DIFC more secure in its identity

Dubai International Financial Centre (DIFC) has deployed an identity management solution to address its security and compliance needs and is now offering the same service to its tenants within Dubai’s new financial hub.

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By  Peter Branton Published  June 25, 2006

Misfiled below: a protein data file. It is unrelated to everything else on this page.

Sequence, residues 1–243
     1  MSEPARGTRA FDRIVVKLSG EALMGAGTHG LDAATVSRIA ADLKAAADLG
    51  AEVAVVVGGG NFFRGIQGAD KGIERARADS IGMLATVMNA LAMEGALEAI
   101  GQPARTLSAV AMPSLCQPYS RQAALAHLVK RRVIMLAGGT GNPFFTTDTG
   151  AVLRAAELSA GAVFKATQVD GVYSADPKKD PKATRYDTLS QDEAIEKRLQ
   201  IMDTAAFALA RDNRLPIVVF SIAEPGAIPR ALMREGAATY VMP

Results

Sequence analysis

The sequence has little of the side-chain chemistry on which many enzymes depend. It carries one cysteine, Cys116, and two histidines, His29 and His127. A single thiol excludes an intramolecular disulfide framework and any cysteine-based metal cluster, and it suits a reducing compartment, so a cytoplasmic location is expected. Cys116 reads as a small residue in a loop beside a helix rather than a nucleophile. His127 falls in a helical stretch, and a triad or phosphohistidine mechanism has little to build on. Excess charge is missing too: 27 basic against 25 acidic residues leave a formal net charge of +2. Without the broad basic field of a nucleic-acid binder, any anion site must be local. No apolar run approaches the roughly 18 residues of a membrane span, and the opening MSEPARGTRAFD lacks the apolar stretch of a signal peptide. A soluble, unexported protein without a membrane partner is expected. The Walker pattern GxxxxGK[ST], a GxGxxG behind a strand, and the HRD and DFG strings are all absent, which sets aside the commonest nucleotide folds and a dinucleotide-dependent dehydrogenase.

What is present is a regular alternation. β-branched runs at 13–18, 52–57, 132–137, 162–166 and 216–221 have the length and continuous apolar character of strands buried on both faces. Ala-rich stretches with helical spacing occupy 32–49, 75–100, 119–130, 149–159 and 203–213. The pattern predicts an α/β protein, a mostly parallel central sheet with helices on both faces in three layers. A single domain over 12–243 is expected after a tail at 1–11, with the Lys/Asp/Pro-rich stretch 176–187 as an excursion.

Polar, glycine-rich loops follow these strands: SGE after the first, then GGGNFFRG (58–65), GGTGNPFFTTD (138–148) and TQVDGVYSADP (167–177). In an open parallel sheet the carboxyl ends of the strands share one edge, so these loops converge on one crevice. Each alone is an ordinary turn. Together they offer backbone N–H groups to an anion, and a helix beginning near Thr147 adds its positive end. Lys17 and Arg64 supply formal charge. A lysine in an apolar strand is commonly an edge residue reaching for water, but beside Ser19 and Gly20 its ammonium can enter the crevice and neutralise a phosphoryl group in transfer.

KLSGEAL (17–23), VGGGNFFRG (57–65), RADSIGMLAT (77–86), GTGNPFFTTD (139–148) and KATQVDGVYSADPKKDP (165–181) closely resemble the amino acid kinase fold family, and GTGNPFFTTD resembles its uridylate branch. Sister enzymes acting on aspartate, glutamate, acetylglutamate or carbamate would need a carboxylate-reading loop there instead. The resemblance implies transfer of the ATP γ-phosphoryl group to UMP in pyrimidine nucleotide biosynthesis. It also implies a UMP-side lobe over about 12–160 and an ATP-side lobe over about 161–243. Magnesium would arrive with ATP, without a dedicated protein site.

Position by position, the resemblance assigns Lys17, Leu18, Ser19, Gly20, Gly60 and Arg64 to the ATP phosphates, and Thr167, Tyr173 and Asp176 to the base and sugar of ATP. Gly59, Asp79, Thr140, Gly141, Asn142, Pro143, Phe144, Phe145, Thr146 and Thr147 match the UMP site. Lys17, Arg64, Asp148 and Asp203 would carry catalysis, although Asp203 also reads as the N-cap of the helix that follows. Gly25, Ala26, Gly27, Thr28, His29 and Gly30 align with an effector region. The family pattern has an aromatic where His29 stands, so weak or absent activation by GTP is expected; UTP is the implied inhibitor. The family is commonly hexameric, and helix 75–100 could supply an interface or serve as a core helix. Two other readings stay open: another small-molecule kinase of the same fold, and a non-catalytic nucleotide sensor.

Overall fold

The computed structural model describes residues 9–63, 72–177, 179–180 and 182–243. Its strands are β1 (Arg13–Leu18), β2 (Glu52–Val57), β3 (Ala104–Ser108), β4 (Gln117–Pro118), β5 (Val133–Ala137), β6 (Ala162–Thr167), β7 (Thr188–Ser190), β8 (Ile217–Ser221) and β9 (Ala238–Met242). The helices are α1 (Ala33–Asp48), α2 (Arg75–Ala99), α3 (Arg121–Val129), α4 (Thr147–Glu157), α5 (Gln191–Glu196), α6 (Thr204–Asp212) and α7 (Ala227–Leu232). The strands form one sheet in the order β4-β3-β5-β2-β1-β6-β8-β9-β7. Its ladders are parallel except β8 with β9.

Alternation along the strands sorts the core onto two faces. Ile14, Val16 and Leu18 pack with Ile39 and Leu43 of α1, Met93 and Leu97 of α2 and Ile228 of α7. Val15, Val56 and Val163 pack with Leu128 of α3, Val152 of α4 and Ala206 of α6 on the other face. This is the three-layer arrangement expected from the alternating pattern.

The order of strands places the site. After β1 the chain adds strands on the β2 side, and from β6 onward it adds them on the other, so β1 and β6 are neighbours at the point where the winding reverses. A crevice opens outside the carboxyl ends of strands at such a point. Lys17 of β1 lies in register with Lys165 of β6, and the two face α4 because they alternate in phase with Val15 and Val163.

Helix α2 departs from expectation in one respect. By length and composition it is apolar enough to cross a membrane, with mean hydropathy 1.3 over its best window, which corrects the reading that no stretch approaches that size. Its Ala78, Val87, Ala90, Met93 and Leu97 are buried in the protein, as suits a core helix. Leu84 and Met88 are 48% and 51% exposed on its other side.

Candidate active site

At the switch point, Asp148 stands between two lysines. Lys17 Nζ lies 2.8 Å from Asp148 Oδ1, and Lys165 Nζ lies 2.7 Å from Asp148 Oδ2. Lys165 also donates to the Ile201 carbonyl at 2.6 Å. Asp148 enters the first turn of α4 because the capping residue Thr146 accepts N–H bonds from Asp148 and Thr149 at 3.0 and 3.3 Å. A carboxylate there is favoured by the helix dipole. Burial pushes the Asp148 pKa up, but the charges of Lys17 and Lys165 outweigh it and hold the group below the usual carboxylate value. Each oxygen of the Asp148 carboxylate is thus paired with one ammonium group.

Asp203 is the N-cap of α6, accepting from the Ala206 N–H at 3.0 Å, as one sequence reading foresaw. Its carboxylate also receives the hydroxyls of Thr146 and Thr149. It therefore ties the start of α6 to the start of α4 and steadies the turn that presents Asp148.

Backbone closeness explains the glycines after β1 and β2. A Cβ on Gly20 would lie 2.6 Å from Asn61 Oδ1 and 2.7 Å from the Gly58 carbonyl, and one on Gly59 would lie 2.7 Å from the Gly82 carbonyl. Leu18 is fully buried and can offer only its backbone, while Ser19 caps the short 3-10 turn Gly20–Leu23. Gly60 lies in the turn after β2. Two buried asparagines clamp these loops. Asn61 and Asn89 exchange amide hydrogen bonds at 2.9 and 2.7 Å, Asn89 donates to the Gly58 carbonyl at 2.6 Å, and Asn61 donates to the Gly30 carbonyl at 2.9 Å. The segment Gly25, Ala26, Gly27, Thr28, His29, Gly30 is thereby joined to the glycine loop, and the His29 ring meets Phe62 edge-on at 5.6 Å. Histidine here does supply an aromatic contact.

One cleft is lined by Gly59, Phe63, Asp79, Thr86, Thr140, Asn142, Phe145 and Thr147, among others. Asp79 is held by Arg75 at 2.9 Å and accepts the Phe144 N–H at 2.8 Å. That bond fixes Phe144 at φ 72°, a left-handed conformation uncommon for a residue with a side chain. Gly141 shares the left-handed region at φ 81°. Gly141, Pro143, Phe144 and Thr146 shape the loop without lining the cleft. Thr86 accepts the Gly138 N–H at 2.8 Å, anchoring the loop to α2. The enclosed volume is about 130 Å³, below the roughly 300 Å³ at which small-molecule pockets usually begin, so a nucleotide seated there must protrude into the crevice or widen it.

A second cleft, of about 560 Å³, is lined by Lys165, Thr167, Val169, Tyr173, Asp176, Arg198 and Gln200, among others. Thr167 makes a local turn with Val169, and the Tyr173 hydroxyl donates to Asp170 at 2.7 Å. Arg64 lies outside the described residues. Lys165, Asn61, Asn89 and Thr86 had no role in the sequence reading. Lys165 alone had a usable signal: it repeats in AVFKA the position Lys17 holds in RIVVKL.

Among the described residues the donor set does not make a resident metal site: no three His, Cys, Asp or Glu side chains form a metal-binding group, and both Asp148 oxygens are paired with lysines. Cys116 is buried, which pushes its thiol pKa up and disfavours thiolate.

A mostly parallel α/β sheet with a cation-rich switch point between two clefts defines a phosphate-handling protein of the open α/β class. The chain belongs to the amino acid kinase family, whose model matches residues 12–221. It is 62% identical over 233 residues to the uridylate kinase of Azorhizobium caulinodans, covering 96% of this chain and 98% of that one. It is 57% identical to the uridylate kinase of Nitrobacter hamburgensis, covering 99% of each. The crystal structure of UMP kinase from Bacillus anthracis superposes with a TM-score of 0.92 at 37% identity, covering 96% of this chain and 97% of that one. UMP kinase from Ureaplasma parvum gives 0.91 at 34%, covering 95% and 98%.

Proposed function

Dubai International Financial Centre (DIFC) has deployed an identity management solution to address its security and compliance needs and is now offering the same service to its tenants within Dubai’s new financial hub. DIFC has itself gone live with Novell’s Identity Manager solution across the backbone of its network, and it is now ready to supply information access services to businesses within the 110-acre free zone of DIFC. The services will benefit those firms by providing greater identity authentification capabilities, and therefore increased business agility, along with higher levels of compliance, which will help firms meet the growing demands of corporate governance. DIFC tenants do not have to work with Novell, executives pointed out. “Each one of the companies that come and join us will have their own technology architecture, their own technology solutions. What we really want to be able to do is basically interface with them,” Hanan Askalan, DIFC’s CIO, told IT Weekly. “It’s like an identity framework where they will have their own identity management — whether it is Novell or any other provider — and they can then interface with us. That’s how you start getting integrated architecture across the board,” she explained. DIFC is primarily using Novell’s Identity Manger solution as the platform to manage all the access and security throughout its internal enterprise systems. It is also being used to control external and internal security access within its community. Novell said that it will interface with other systems using open standards. DIFC has already integrated its identity management systems with fledgling stock excha- nge DIFX and expects this process to grow as more firms arrive and more services are offered to the external community. Askalan said the region’s awareness of identity management issues is several years behind the US and Europe.

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